Rays Not The Same Without Evan Longoria

The Boston Red Sox opened the 2018 season at Tampa Bay by taking 3-of-4 games against the Rays. While the Rays were paying tribute to the 1998 inaugural team, they were doing so without Evan Longoria.

The Rays were one franchise before Longoria and a completely different one during his decade long tenure at Tropicana Field. In Tampa Bay’s first 10 years in MLB, they were known as the Devil Rays and their lone highlight was Wade Boggs hitting a home runs for his 3,000 hit.

Longoria made his MLB debut in 2008. The Rays, dropped the “Devil” and clinched their first winning season, division title, and World Series appearance. The Rays were on the other side of the Red Sox’s 2011 “chicken and beer” collapse. Their last playoff appearance was a ALDS loss to the Red Sox in 2013 but they were close to returning last year.

Longoria is a career .270 hitter who led the Rays with 261 career home runs and 892 RBI. He was traded to the San Francisco Giants for Denard Span and a crop of prospects. Span hit a clutch 3-run RBI triple to cap off a 6-run eighth inning, leading the Rays to a 6-4, come from behind, Opening Day win.

The Rays also shed a lot of their power by trading Corey Dickerson to Pittsburgh and letting Logan Morrison and Lucas Duda walk in free agency. They will once again look to rely on pitching and defense. The Rays lost three straight games against the Red Sox despite holding them to three runs or less each game.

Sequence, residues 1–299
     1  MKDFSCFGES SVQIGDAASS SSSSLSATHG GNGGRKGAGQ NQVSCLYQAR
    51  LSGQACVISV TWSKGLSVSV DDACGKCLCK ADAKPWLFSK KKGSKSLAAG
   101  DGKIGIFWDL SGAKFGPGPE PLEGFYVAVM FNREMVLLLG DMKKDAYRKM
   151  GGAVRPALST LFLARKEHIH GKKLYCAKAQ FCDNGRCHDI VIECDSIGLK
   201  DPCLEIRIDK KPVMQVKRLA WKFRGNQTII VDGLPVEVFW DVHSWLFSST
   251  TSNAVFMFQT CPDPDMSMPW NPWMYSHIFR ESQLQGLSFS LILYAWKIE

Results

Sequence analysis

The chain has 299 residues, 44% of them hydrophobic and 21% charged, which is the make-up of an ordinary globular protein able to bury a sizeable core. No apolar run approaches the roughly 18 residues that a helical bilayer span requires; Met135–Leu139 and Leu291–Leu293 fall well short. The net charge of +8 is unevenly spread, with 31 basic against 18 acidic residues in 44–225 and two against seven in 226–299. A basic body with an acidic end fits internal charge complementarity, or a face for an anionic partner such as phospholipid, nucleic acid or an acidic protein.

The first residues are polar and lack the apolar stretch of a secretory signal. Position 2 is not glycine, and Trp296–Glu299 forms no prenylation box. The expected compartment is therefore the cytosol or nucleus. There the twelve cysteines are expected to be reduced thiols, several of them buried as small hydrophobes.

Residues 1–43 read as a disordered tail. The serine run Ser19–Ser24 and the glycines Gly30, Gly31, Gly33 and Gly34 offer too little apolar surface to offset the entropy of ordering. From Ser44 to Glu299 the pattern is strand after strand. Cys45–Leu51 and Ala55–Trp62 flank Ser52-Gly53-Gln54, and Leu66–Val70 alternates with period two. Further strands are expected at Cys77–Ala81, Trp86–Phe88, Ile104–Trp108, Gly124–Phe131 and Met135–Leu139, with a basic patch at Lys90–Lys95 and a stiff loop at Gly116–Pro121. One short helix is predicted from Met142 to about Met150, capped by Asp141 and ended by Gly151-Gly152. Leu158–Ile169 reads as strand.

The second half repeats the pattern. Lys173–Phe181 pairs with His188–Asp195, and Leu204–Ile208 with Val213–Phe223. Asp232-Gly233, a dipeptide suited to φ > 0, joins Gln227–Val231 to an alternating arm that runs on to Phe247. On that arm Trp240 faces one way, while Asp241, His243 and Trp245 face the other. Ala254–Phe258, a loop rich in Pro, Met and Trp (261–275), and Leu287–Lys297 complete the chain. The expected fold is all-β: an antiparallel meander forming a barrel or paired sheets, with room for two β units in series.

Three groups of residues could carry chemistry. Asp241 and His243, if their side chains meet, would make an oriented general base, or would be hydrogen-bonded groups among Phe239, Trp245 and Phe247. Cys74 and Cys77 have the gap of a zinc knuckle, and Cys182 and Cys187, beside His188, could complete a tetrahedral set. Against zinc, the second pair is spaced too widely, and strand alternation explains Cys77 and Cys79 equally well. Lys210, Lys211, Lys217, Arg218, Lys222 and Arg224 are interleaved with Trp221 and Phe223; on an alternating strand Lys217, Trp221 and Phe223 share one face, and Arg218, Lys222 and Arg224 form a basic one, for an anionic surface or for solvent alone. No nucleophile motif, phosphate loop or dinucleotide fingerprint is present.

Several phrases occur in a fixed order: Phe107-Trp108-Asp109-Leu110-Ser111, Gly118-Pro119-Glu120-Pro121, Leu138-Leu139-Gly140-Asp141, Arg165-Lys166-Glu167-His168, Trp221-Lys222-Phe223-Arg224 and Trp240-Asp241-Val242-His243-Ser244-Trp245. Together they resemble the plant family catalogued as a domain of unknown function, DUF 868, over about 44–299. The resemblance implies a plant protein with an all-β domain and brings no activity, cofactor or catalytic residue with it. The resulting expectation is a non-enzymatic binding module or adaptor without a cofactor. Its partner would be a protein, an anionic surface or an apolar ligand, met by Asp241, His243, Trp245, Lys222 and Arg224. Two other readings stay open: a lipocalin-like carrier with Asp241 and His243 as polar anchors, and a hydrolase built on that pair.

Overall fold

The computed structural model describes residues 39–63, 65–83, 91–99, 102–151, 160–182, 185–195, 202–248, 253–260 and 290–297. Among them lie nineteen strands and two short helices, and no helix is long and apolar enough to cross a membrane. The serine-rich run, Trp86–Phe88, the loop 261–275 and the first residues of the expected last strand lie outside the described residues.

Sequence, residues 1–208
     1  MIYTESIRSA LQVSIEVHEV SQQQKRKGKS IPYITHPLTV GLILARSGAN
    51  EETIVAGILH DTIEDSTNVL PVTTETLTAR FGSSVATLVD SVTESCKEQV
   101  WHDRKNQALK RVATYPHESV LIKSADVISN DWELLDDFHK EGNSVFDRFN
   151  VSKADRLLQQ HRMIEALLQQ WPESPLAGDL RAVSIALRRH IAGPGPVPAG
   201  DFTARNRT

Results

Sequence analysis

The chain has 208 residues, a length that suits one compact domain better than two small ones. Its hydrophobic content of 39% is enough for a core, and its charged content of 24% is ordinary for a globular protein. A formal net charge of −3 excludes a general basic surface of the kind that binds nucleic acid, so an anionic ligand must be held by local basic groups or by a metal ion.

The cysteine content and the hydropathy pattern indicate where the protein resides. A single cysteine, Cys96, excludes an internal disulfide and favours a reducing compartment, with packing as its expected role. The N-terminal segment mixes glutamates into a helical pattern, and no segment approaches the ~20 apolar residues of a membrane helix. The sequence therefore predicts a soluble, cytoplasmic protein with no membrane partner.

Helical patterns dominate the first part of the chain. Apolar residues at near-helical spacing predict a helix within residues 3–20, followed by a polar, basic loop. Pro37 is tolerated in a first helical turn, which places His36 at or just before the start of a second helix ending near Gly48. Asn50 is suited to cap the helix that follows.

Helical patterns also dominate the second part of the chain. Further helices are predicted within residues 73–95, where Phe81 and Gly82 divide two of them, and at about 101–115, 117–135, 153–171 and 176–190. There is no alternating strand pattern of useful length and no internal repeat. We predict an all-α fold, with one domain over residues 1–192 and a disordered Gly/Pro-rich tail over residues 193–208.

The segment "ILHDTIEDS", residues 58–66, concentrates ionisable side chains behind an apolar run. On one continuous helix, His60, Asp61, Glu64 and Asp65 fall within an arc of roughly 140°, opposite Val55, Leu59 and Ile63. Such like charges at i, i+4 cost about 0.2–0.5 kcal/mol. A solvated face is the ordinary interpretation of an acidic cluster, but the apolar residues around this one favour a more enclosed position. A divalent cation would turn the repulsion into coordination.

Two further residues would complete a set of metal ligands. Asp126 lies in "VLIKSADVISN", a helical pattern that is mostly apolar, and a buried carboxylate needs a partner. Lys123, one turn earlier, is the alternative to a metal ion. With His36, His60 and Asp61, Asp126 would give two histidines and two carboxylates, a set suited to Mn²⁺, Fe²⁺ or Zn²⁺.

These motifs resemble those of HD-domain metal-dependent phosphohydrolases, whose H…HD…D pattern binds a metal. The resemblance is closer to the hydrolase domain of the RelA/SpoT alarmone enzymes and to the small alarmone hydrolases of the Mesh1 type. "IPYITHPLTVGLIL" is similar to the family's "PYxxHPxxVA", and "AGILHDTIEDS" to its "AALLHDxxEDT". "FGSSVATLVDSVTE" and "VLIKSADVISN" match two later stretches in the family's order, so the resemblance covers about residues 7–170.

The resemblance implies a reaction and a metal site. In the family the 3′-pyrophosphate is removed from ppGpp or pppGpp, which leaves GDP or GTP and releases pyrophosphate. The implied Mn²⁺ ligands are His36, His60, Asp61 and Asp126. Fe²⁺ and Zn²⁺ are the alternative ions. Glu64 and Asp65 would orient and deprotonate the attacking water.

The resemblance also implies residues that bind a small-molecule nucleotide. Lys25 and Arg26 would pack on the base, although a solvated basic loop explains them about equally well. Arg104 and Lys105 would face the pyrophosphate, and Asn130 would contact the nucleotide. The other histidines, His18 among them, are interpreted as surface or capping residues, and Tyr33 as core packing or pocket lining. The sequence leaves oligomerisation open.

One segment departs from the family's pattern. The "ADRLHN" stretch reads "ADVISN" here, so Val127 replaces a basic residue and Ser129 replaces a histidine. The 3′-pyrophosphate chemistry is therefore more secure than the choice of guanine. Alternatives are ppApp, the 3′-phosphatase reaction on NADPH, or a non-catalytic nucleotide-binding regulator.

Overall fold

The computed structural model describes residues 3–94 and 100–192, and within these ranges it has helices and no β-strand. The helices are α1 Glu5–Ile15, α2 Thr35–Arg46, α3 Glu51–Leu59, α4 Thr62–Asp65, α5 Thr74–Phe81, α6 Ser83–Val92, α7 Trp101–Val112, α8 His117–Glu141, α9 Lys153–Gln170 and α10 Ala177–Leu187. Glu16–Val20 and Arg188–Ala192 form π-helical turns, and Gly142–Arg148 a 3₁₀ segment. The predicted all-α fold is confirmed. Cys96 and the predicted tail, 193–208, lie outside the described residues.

Longoria, meanwhile, went hitless in his first series with the Giants. But that hardly makes the trade a big victory for Tampa Bay.

Red Sox-Rays Is An Underrated Rivalry

The Rays began in 1998 but it seemed like it didn’t take long for the franchise to choose Boston as their rival.

The two teams were initially linked when legendary third baseman Wade Boggs christened the franchise’s arrival to MLB in 1998 and capped his Hall of Fame career with a home run as his 3,000 career hit in 1999. He wears a Red Sox cap in his HOF plaque but originally wanted a Rays cap.

The battles truly began in 2000, when Pedro Martinez beaned Gerald Williams and started a brawl. The Rays were in the midst of their first winning season in 2008 and established themselves as a legit contender in a fight that had Red Sox outfielder Coco Crisp dodge a punch thrown by Rays pitcher James Shields like he was in the Matrix. Their most recent scuffle came in 2014, when David Price was still the Tampa Bay ace. Price joined the Red Sox in 2016 and patched things up with David Ortiz.

The Rays and Red Sox will face off at the Boston home opener in Fenway Park this afternoon.

 

A Deep Red Sox Lineup is Farrell’s Biggest Weapon

Red Sox lineup

As Boston pounded Philadelphia on Opening Day, churning out eight runs on nine hits, baseball fans were reminded how, despite incessant worries of porous pitching and overcrowded outfields, the Red Sox have a stacked lineup this year that will be extremely difficult to navigate.

Red Sox LineupThree of the first four hitters, namely Mookie Betts, Dustin Pedroia and Hanley Ramirez, combined for seven hits, five home runs and eight RBI, largely off Cole Hamels, one of the premier starting pitchers in baseball. Such a profound offensive barrage sent shock waves reverberating through the American League.

Meanwhile, David Ortiz, playing first base in a National League park, and newcomer Pablo Sandoval, making his Red Sox debut, went hitless and registered six strikeouts between them. The fact that the Sox hammered the Phillies despite two key guys struggling shows just how deep the Boston lineup is, and how frightening it will become when all of the aforementioned hitters, plus Mike Napoli, find their groove.